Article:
Meanwhile, MILLIONS for the rotten carcasses that sit in the UN and the parasite states which send them!
which if enacted will shift costs to seniors.
Why shouldnt it? They consume the vast majority of health care services.
I’m glad that is working for you.
I know there are some good plans out there, I have one myself. It’s a low priced supplementary. I’m very happy with it.
It seems insurance companies and Medicare have provided some decent coordination. One thing I fear is that if Medicare falls away, what stops the future companies from ignoring the agreements we have now.
I’m fully covered for everything. What happens if a private company starts charging me $100 - $500 per month for what I’m already getting at a decent cost?
I still believe the best way to change Medicare, is to start privatizing people today, who are just entering the work-force.
It’s also my take, that one way or another the seniors who planned for a lifetime to get by now, will be sold out in a process that puts their coverage on the table today.
There are some provider issues that we may be addressing as you know. Some providers in the Medicare field in some cases are getting overpaid.
Certainly not the physician providers. However, if this is the prevailing view, most independent physicians will drop out. Ironically, as providers drop out there will be competition for self pay patients and prices will fall.
Legislation to allow private contracting for Medicare providers and patients could help.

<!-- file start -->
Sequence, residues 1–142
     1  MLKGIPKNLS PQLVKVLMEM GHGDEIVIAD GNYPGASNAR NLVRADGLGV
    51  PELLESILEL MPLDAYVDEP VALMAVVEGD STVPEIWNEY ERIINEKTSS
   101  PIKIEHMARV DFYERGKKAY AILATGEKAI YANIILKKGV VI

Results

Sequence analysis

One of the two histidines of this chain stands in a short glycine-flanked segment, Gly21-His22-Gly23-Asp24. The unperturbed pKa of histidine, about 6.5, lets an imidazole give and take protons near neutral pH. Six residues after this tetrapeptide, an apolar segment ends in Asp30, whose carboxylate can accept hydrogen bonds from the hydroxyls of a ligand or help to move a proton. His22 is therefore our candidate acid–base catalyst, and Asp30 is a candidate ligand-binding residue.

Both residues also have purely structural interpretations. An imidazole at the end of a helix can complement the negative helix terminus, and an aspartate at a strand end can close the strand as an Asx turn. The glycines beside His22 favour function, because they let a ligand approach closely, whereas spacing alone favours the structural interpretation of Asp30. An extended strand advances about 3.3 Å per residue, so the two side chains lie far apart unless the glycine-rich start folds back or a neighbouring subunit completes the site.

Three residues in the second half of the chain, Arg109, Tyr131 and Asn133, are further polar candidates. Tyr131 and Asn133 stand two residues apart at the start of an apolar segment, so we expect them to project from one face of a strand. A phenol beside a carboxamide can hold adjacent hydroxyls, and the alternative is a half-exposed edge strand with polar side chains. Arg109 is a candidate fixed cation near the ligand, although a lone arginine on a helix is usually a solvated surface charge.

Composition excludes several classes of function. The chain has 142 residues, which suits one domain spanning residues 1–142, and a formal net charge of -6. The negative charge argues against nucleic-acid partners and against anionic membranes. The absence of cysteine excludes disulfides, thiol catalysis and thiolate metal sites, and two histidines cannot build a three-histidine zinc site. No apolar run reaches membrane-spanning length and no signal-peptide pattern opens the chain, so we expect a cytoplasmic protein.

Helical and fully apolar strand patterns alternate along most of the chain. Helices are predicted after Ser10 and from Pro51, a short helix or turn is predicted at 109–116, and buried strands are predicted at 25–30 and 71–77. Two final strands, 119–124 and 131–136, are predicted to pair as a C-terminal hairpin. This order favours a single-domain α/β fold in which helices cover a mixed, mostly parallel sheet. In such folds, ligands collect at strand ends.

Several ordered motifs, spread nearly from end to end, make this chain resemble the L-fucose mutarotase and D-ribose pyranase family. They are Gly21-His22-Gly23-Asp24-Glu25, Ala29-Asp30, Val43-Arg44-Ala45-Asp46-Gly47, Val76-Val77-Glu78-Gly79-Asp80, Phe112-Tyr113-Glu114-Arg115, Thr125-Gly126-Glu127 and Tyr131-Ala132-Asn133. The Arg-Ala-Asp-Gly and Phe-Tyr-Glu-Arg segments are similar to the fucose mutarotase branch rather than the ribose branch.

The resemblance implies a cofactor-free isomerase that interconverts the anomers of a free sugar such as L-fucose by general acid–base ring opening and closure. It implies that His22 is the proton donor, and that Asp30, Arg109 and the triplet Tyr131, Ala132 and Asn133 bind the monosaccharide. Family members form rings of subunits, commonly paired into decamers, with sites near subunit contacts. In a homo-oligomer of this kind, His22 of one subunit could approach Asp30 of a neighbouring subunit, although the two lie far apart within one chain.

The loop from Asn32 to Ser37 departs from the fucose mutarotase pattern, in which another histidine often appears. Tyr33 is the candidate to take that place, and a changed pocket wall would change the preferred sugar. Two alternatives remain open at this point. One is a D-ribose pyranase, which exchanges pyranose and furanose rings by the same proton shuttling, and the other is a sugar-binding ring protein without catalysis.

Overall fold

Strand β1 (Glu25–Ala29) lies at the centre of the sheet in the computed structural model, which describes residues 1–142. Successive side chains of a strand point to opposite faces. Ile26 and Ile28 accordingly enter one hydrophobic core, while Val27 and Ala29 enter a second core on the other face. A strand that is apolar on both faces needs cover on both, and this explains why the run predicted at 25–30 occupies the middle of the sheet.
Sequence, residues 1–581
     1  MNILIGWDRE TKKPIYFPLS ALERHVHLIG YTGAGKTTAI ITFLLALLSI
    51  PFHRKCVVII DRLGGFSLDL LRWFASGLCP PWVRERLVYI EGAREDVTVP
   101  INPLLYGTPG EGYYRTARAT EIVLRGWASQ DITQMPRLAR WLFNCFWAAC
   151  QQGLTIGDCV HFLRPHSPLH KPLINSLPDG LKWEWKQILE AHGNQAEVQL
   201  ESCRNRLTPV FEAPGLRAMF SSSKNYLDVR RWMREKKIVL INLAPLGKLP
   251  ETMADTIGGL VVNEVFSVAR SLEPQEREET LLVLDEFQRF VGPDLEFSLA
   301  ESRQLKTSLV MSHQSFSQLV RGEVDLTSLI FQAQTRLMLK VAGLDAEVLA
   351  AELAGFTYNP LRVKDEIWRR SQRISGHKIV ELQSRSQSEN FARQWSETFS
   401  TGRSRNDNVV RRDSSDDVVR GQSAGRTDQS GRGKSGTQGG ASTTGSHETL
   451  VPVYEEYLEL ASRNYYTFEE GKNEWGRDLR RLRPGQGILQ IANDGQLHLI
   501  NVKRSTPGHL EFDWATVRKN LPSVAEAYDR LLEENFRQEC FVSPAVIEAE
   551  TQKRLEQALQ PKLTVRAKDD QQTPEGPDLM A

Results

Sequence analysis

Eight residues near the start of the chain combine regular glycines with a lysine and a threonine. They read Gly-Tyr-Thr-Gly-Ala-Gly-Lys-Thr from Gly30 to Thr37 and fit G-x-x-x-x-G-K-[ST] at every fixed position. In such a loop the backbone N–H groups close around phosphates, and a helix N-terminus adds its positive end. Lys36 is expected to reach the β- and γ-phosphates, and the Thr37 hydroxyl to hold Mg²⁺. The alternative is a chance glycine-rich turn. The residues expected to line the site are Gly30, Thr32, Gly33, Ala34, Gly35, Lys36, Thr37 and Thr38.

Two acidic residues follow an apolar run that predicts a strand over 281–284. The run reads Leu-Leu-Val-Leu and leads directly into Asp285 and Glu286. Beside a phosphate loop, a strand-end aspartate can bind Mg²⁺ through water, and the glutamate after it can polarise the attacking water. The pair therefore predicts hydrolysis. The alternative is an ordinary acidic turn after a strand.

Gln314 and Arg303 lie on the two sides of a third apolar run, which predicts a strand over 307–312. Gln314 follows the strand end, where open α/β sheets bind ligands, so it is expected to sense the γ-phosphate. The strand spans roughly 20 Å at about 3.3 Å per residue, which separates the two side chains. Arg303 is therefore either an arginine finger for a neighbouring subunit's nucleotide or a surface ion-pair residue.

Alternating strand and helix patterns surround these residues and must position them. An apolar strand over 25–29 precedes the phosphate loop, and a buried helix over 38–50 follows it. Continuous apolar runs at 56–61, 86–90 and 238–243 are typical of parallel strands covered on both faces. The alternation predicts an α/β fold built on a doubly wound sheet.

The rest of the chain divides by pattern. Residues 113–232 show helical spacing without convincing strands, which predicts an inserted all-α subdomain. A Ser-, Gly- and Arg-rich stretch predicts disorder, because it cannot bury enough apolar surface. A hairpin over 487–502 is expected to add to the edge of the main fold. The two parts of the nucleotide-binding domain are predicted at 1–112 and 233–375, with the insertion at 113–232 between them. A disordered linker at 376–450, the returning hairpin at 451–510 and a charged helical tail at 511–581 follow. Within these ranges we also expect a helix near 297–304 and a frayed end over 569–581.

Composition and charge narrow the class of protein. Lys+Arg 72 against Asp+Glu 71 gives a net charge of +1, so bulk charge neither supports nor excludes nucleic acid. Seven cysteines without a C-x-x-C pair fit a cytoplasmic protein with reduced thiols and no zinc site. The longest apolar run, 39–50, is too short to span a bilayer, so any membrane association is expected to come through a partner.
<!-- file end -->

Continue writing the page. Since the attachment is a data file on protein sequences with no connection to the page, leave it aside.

Because they already paid into social security and medicare their entire work life. Do you think this money people paid for 40-50 years should just vanish?
Because they already paid into social security and medicare their entire work life.
This is going to sound really harsh. But your generation fell for a lie.
You believed a bunch of politicians who said If you give us some of your money now, we will give you much, much, more later. Honest. We promise.
That trick NEVER works.
It never has worked.
Its never going to work.
Face it, Otter. You f***** up. You trusted us. Animal House.
I know it hurts. And you probably hate me for throwing all in your face. But its the truth. Your money is gone. My money is gone. They spent it.
They spent it buying votes. Every f****** penny of it. Its gone like a fart in the wind.
So, its time to face some really hard facts. Theres no way the US government can pay whats been promised. The math doesnt work. It was never going to work. It couldnt.
The only real question is how we are going to deal with those facts.